El artículo considera en primer lugar el papel asignado por Heidegger, en su análisis del viraje , al acontecimiento-apropiación como el punto medio entre el ser y el Dasein. En el carácter abismal de la oscilación entre el llamado del primero y la pertenencia del segundo reside la unidad originaria del tiempo-espacio que deja emerger ambos momentos hacia su separación. Esto permite a su vez el despliegue de un tiempo derivado y un orden para la medición. En segundo lugar, se (...) intentan encontrar puntos de vista similares en los análisis de Husserl sobre la temporalidad. Así, al abismo del ser corresponde un horizonte inicial originario; al tiempo-espacio abismal, la pretemporalización de una protohyle de la mano con kinestesias espacializantes; a la proyección del Dasein para captar la oscilación mediante una contraoscilación, el volverse del yo hacia la prototemporalización; a la separación del tiempo a partir del abismo, la constitución de las distinciones temporales; y a la derivación del orden del tiempo, la constitución del tiempo como forma. En tercer lugar, se expone la noción heideggeriana de decisión respecto de la pertenencia o no-pertenencia al ser a fin de criticar una parte componente de la historia del ser, esto es, la posición. En cuarto lugar, el artículo se ocupa de la noción husserliana de decisión en tanto ligada a la institución de un horizonte histórico. Por último, se destacan semejanzas y diferencias entre las nociones de acontecimiento-apropiación y presente viviente en la medida en que ambas desempeñan el mismo papel en la búsqueda de un nivel último que hace posible todo. (shrink)
The paper considers contemporary models of presumption in terms of their ability to contribute to a working theory of presumption for argumentation. Beginning with the Whatelian model, we consider its contemporary developments and alternatives, as proposed by Sidgwick, Kauffeld, Cronkhite, Rescher, Walton, Freeman, Ullmann-Margalit, and Hansen. Based on these accounts, we present a picture of presumptions characterized by their nature, function, foundation and force. On our account, presumption is a modal status that is attached to a claim and has (...) the effect of shifting, in a dialogue, a burden of proof set at a local level. Presumptions can be analysed and evaluated inferentially as components of rule-based structures. Presumptions are defeasible, and the force of a presumption is a function of its normative foundation. This picture seeks to provide a framework to guide the development of specific theories of presumption. (shrink)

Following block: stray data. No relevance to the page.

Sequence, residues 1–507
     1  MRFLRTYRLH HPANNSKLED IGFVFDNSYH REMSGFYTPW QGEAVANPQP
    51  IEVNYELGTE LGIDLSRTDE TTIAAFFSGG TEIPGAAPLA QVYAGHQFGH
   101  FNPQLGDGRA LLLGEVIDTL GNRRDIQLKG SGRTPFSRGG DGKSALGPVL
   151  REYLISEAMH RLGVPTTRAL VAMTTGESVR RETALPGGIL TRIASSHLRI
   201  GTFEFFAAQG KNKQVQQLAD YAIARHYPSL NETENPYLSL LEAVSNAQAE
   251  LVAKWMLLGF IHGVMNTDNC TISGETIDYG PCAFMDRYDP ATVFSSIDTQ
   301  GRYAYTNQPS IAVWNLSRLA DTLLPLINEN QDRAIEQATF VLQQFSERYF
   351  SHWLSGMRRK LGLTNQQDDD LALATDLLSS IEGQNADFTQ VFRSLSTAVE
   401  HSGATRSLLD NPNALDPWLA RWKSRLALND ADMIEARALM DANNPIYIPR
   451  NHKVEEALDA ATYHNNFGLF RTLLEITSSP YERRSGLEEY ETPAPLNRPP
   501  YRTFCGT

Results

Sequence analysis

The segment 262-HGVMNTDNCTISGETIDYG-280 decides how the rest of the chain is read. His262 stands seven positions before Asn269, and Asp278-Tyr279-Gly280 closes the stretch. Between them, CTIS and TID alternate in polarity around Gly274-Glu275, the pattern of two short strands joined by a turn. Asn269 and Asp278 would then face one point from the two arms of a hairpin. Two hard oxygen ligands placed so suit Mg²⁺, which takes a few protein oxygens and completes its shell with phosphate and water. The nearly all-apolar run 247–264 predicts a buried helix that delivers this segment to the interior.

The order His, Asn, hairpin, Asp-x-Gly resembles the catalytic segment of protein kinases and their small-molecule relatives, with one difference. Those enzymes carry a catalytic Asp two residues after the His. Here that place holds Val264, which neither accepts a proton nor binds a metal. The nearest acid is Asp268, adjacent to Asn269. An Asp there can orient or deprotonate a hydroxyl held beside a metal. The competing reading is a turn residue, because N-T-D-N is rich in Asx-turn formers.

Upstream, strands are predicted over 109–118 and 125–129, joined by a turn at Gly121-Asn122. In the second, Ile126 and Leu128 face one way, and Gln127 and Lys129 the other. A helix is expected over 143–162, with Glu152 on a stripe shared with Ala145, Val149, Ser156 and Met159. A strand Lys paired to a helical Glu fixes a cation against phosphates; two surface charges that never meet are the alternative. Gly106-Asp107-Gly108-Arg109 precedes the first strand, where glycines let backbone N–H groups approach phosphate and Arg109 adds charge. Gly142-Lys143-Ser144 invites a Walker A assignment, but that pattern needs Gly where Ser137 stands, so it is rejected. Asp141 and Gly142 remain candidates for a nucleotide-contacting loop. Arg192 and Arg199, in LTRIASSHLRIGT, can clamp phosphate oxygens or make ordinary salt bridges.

While courts depend on expert opinions in reaching sound judgments, the role of the expert witness in legal proceedings is associated with a litany of problems. Perhaps most prevalent is the question of under what circumstances should testimony be admitted as expert opinion. We review the changing policies adopted by American courts in an attempt to ensure the reliability and usefulness of the scientific and technical information admitted as evidence. We argue that these admissibility criteria are best seen in a (...) dialectical context as a set of critical questions of the kind commonly used in models of argumentation. (shrink)
The attitudes of patients' to consent have changed over the years, but there has been little systematic study of the attitudes of anaesthetists and surgeons in this process. We aimed to describe observations made on the attitudes of medical professionals working in the UK to issues surrounding informed consent.
While defeasibility in legal reasoning has been the subject of recent scholarship, it has yet to be studied in the context of judicial opinion. Yet, being subject to appeal, judicial decisions can default for a variety of reasons. Prakken (2001) argued that the defeasibility affecting reasoning involved in adversarial legal argumentation is best analysed as procedural rather than logical. In this paper we argue that the defeasibility of ratio decendi is similarly best explained and modeled in a procedural and dialectical (...) framework. We propose that appeals are best understood as meta-dialogues about the reasoned dialogue occurring in the initial trial. (shrink)